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# If p,q are distinct and greater than 1, p + q =

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Senior PS Moderator
Joined: 26 Feb 2016
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If p,q are distinct and greater than 1, p + q =  [#permalink]

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02 Mar 2019, 01:26
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Difficulty:

95% (hard)

Question Stats:

25% (02:56) correct 75% (02:20) wrong based on 28 sessions

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If $$p,q$$ are distinct and greater than 1, $$p+q =$$ ?

1. $$q^p=p^q$$
2. $$q=p^2$$

Source: Experts Global

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Joined: 07 Dec 2017
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If p,q are distinct and greater than 1, p + q =  [#permalink]

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02 Mar 2019, 02:09
pushpitkc wrote:
If $$p,q$$ are distinct and greater than 1, $$p+q =$$ ?

1. $$q^p=p^q$$
2. $$q=p^2$$

Source: Experts Global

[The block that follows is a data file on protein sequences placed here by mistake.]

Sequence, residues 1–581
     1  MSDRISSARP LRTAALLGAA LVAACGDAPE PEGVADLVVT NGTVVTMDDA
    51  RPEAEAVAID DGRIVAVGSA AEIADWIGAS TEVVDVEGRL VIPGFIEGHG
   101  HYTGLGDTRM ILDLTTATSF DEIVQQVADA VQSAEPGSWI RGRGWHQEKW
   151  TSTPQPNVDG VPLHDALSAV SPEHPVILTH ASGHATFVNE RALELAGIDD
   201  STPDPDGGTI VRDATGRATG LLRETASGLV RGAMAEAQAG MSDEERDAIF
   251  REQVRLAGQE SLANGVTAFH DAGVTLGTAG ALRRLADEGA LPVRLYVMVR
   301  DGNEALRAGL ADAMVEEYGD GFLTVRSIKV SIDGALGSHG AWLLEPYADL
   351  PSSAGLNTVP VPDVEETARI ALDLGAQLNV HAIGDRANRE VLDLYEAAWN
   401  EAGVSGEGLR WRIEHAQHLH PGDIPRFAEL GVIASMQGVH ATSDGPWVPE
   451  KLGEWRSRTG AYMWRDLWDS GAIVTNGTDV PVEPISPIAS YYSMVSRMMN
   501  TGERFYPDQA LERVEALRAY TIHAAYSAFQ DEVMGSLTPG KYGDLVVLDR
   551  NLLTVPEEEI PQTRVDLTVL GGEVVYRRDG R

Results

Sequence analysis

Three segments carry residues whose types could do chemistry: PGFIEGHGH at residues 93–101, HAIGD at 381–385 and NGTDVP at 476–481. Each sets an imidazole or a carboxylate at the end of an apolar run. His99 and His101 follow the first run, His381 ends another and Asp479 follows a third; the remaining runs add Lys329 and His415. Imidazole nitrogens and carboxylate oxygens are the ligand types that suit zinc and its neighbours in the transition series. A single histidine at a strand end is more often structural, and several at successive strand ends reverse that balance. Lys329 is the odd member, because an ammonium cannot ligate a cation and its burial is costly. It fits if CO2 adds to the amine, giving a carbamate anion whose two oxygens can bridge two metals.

If it isn't entirely clear how to interpret the statements, we'll first try using specific numbers to give us a clue how to proceed (and eliminate ambiguous statements).
This is an Alternative approach.

(1) Trying q = 2 gives 2^p = p^2. So 2^p has to be a square number, and as it is also a power of 2 we'll try 4,16, 64... 4 doesn't work because then p = 2 but p and q are distinct, but 16 could work as then p = 4. If we try 64 we fail again as 8^2 = 64 but 2^8 = 256 and trying any larger number won't work as it makes the exponent larger. So if p = 2 q has to equal 4.
Based on the above, we know that p has to be a power of q, so we can write p = q^n. Substituting gives q^(q^n) = (q^n)^q an using power laws q^(q^n) = q^(nq). Then q^n = nq and since q > 1 we can divide by it to get q^(n-1) = n. So if we pick n = 2 then q = 2 and p = 4 which is what we got above. If we pick n = 3 then q^2 = 3 so q = sqrt(3) and we get some other answer. We won't bother to actually calculate, as this is definitely insufficient.

(2) Once again, we can pick whichever number we like for p, giving another number for q, and then plug this into p + q to get some (different) result.
Insufficient.

Combined:
This is exactly the equation we got to above, with p and q reversed. So we know that n = 2 and therefore there is one solution (q = 4, and p = 2).

If this isn't clear, then simplify the statements by substituting (2) into (1):
(p^2)^p = p^(p^2). Using power laws, this implies that p^(2p)=p^(p^2) and therefore, since p > 1, that 2p = p^2, which gives p = 2 (as p cannot equal 0). Then q = 4 and p + q = 6.
Sufficient.

(C) is our answer.
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If p,q are distinct and greater than 1, p + q =   [#permalink] 02 Mar 2019, 02:09
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# If p,q are distinct and greater than 1, p + q =

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